When Ayatollah Ali Khamenei speaks, the world should listen.
He has a much keener sense of the direction of negotiations over Iran's nuclear program than the president of the United States, and is evidently much more forthright about it.
When the Iranians and the United States cut what was portrayed as a tentative deal on the Iranian nuclear program, they described it differently. The U.S. emphasized that sanctions would only be phased out gradually and that inspections would ensure complete transparency.
Ayatollah Khamenei tweeted that there wasn't really a deal, and oh yeah, sanctions would be lifted immediately and inspections wouldn't be allowed to impinge on Iran's security — in other words, would not include military sites.
In a similar vein, Iranian Foreign Minister Mohammad Javad Zarif attacked a U.S. fact sheet on the alleged deal as inaccurate. "There is no need to spin using 'fact sheets' so early on," Zarif lectured on Twitter. Zarif was right to put sneer quotes around "fact sheets," but his political analysis was off.
With its position rapidly eroding in Congress, the Obama administration felt an urgency to tout the non-triumph of the non-deal with reassuring details that either hadn't truly been agreed to, or that the Iranians would be able to back us off of. Once Obama announced and defended the deal as the only alternative to war, he lost whatever leverage he ever had.
With the Iranians loudly insisting that sanctions relief would be immediate, Obama no longer sounded so adamant on phased relief, calling for "creative negotiations" to get a deal allowing "the other side to make a presentation to their body politic that is more acceptable."
The best bet now is that Iran will get a "signing bonus" of perhaps $50 billion upfront (when its entire gross domestic product was just $370 billion in 2013), and the phased element of the removal of the sanctions will be window dressing.
On inspections, it seems highly unlikely that the Iranians will give way on their military sites. Why would they? They have been able to wring concessions from Obama on almost everything else important — from maintaining thousands of centrifuges, to continuing to enrich, to maintaining its Fordow site buried in a mountain.
The president's fallback of last resort is "snap-back" sanctions that supposedly will punish any Iranian violations, but they will depend on Chinese and Russian cooperation. The Russians just stuck a finger in our eye by agreeing to sell Iran a sophisticated air-defense system.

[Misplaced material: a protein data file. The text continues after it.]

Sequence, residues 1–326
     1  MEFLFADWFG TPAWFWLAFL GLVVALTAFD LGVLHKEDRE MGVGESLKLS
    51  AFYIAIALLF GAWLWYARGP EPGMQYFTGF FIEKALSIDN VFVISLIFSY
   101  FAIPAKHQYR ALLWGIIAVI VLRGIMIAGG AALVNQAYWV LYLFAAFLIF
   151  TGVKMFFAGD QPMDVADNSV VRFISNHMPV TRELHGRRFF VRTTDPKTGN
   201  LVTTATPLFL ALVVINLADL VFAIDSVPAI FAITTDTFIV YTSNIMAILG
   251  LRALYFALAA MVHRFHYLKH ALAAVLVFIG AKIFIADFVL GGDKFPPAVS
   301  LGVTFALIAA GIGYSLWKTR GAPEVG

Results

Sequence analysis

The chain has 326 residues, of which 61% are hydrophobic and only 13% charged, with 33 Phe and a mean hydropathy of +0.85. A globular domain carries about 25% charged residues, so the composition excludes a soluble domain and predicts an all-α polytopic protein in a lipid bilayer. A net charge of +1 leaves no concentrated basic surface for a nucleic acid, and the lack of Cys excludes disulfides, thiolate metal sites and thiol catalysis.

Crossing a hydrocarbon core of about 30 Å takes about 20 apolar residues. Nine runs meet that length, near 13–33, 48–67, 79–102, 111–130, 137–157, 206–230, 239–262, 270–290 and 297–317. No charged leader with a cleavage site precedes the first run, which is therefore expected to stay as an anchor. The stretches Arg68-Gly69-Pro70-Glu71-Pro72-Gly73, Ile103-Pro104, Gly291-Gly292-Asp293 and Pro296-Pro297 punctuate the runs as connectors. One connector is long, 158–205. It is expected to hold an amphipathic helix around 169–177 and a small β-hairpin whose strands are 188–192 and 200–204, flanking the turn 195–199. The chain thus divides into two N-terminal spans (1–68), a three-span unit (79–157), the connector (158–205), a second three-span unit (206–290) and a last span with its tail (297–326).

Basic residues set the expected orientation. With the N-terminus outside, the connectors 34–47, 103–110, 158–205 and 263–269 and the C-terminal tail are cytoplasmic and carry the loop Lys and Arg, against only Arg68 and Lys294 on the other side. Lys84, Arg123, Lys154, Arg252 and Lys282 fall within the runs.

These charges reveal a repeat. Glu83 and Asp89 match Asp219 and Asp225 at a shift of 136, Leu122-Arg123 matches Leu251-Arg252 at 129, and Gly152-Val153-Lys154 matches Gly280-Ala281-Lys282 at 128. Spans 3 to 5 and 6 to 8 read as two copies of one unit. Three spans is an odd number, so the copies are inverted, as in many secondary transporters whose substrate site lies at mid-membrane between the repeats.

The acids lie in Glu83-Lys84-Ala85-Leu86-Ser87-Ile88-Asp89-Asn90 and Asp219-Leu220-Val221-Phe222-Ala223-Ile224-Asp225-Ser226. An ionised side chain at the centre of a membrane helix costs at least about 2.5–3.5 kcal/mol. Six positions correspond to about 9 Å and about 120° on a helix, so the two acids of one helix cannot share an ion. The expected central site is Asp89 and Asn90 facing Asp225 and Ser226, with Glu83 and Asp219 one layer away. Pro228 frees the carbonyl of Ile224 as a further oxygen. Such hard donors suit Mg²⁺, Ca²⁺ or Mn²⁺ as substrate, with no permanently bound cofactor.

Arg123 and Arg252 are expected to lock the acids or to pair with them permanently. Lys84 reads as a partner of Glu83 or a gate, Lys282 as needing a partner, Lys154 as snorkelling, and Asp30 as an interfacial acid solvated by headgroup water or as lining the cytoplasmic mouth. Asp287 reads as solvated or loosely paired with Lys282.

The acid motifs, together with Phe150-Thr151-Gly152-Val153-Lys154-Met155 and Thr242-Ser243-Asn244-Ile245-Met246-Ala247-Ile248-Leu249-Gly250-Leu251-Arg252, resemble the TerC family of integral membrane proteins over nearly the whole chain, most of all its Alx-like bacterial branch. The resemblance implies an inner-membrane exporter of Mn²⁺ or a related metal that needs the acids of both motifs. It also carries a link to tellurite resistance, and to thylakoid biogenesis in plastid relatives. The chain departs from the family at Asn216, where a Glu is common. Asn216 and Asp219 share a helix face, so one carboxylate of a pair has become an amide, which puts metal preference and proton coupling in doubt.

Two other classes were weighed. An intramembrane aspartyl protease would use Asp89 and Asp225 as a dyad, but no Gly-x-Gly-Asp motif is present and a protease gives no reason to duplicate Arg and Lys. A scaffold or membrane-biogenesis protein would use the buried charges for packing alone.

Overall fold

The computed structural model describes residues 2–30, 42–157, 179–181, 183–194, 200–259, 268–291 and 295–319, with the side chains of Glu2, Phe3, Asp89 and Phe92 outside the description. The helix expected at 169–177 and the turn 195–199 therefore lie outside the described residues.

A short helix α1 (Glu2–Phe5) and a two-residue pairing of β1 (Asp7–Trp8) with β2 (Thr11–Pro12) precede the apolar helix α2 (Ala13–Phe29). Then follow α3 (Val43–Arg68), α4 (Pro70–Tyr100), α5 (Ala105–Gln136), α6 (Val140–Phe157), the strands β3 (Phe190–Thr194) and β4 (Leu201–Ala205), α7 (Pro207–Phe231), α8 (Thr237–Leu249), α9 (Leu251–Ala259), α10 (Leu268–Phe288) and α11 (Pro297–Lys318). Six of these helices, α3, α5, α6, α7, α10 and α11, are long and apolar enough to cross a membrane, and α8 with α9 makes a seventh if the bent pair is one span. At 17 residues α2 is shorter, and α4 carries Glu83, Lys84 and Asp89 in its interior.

A blasé Obama said he was surprised that the Russians hadn't sold Iran the missiles before. If the Ukrainian crisis were met with a similar presidential sang-froid, Obama might have said: "Candidly, I'm shocked that Putin didn't take Crimea sooner. We're just lucky that Russian forces haven't yet overrun Kiev."
Sometimes you wonder if Obama is even trying. But the scandal is that he isn't a naif; he is a sucker by design.
Just as he gave the Castro regime everything he could while demanding almost nothing in return, he is not too concerned with what he is getting from Iran (as long, that is, as he can abide by his Jesuitical pledge that Iran won't get a nuclear weapon — on his watch).
As Michael Doran of the Hudson Institute writes, Iran has had three goals during its long negotiation with the West: preserving its nuclear infrastructure, rolling back sanctions, and unraveling the international legal regime isolating it. Obama is on the verge of giving it all three because he values a new detente with Iran over everything else.
This is supposed to be transformative, but it's not clear how giving the Iran regime its nuclear program and massive economic relief and international legitimacy on top of it will modify its hegemonic designs and behavior. There is every reason to believe that Iran will continue its aggression, now with a helpful boost from the United States.
The Great Satan is not what it used to be.
Rich Lowry is the editor of National Review and author of the best-seller “Lincoln Unbound: How an Ambitious Young Railsplitter Saved the American Dream — and How We Can Do It Again.” He has written for The New York Times, The Wall Street Journal, and a variety of other publications. Read more reports from Rich Lowry — Click Here Now.